CDL:

Commercial Driver's License (CDL)

A CDL is required to drive any of the following vehicles:

  • Any combination of vehicles with a gross combined weight rating (GCWR) of 26,001 or more pounds, providing the gross vehicle weight rating (GVWR) of the vehicle being towed is in excess of 10,000 pounds.
  • Any single vehicle with a GVWR of 26,001 or more pounds, or any such vehicle towing another not in excess of 10,000 pounds.
  • Any vehicle, regardless of size, designed to transport 16 or more persons, including the driver.
  • Any vehicle required by federal regulations to be placarded while transporting hazardous materials.

HOS:

Hours Of Service

HOS refers to the logbook hours of service regulations.
Anne A. (G13Momcat)'s Comment
member avatar

Petroleum Transport advertises that they have a new guaranteed pay system at $1750 to $2100 per week. Might be worth talking to a recruiter there to find out the particulars.

NFI hires for intermodal and drayage.

HubGroup exclusively hauls intermodal.

Swift has an intermodal division.

Pretty good research; read my above posted article, too!!

~ Anne ~

ps: to the OP . . . omigosh ~ Oilfields are SOOOOOOO unpredictable. Including pay. I got a really good guy on with a company about 5 years ago; he's still OTR same place. (And can actually WASH his clothes and truck!)

Okay . . . it's Melton. Flatbed, so 'still' a bit dirty. In similar wheelhouse; he's 37 now!

OTR:

Over The Road

OTR driving normally means you'll be hauling freight to various customers throughout your company's hauling region. It often entails being gone from home for two to three weeks at a time.

Intermodal:

Transporting freight using two or more transportation modes. An example would be freight that is moved by truck from the shipper's dock to the rail yard, then placed on a train to the next rail yard, and finally returned to a truck for delivery to the receiving customer.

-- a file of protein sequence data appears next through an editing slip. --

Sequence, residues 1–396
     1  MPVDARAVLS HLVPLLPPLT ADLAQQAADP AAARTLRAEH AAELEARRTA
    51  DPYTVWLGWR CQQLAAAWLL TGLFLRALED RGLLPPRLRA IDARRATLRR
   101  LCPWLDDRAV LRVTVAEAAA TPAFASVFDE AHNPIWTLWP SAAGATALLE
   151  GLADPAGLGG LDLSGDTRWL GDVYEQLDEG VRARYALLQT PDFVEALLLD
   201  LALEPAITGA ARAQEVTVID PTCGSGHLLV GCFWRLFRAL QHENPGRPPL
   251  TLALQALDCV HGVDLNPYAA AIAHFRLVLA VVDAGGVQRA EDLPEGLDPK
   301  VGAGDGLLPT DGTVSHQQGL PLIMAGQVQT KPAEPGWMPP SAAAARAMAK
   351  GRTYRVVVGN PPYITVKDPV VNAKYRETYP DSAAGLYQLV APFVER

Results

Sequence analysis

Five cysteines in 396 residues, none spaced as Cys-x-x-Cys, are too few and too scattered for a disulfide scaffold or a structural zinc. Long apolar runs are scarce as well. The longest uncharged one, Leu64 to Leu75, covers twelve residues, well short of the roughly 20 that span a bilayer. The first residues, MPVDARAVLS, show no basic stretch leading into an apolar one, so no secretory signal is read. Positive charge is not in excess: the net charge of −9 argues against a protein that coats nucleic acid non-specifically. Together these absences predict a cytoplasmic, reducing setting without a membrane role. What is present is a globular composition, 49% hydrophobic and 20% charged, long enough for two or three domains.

In trucking when you hear someone refer to an intermodal job they're normally talking about hauling shipping containers to and from the shipyards and railyards.

Kerry L.'s Comment
member avatar

Just keep in mind that those big numbers are for very experienced drivers. Rookies will not make $1700+ per week. It takes time, effort and a great driving record to reach the high numbers. Companies put those big numbers out there, but be suspicious if you are a beginner and you are told you can make that number. It may take 1,2,3 years or more to get there.

OP has 3 years of experience, so I think past rookie stage.

Not all freight types require half a decade of experience to get into really good paychecks. Line haul , intermodal , and fuel hauling all pay extremely well here in Texas and the majority of companies hiring for such work require 2 years of experience.

Line Haul:

Linehaul drivers will normally run loads from terminal to terminal for LTL (Less than Truckload) companies.

LTL (Less Than Truckload) carriers will have Linehaul drivers and P&D drivers. The P&D drivers will deliver loads locally from the terminal and pick up loads returning them to the terminal. Linehaul drivers will then run truckloads from terminal to terminal.

Intermodal:

Transporting freight using two or more transportation modes. An example would be freight that is moved by truck from the shipper's dock to the rail yard, then placed on a train to the next rail yard, and finally returned to a truck for delivery to the receiving customer.

In trucking when you hear someone refer to an intermodal job they're normally talking about hauling shipping containers to and from the shipyards and railyards.

HOS:

Hours Of Service

HOS refers to the logbook hours of service regulations.
Kerry L.'s Comment
member avatar

double-quotes-start.png

Petroleum Transport advertises that they have a new guaranteed pay system at $1750 to $2100 per week. Might be worth talking to a recruiter there to find out the particulars.

NFI hires for intermodal and drayage.

HubGroup exclusively hauls intermodal.

Swift has an intermodal division.

double-quotes-end.png

Pretty good research; read my above posted article, too!!

~ Anne ~

ps: to the OP . . . omigosh ~ Oilfields are SOOOOOOO unpredictable. Including pay. I got a really good guy on with a company about 5 years ago; he's still OTR same place. (And can actually WASH his clothes and truck!)

Okay . . . it's Melton. Flatbed, so 'still' a bit dirty. In similar wheelhouse; he's 37 now!

You are a wealth of knowledge. Much appreciated.

Checking out that article now.

OTR:

Over The Road

OTR driving normally means you'll be hauling freight to various customers throughout your company's hauling region. It often entails being gone from home for two to three weeks at a time.

Intermodal:

Transporting freight using two or more transportation modes. An example would be freight that is moved by truck from the shipper's dock to the rail yard, then placed on a train to the next rail yard, and finally returned to a truck for delivery to the receiving customer.

In trucking when you hear someone refer to an intermodal job they're normally talking about hauling shipping containers to and from the shipyards and railyards.